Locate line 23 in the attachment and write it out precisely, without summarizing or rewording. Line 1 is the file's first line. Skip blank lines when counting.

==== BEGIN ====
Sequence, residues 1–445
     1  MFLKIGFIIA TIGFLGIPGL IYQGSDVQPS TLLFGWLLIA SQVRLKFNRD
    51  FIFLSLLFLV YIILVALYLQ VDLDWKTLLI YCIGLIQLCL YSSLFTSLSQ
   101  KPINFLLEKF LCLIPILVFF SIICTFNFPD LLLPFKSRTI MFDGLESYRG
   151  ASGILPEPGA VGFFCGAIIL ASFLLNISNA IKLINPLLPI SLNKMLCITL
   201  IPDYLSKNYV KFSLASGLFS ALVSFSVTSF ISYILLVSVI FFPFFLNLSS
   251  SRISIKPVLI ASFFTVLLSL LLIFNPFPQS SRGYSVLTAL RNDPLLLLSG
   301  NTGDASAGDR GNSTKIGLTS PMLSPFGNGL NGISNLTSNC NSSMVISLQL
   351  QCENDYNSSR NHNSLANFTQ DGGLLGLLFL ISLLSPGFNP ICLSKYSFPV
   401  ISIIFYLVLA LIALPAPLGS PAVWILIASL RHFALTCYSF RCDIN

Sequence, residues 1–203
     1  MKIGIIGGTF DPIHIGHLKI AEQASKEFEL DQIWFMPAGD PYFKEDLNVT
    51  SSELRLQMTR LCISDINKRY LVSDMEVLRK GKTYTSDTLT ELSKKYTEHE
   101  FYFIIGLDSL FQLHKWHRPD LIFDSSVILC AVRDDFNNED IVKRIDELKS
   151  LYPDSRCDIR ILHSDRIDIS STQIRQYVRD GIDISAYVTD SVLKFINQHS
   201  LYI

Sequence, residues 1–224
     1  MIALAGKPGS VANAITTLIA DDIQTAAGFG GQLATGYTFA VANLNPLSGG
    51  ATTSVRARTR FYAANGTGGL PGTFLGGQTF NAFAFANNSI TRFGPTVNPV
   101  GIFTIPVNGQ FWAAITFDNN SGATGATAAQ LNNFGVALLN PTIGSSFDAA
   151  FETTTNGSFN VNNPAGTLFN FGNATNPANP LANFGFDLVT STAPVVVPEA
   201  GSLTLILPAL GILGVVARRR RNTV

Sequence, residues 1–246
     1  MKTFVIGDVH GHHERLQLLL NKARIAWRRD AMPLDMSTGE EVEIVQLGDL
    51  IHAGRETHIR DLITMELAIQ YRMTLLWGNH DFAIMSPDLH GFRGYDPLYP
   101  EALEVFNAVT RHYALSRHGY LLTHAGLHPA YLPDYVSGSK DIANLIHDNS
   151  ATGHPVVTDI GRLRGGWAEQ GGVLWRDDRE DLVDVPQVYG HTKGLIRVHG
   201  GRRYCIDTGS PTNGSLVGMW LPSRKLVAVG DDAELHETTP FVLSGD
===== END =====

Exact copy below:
Sequence, residues 1–246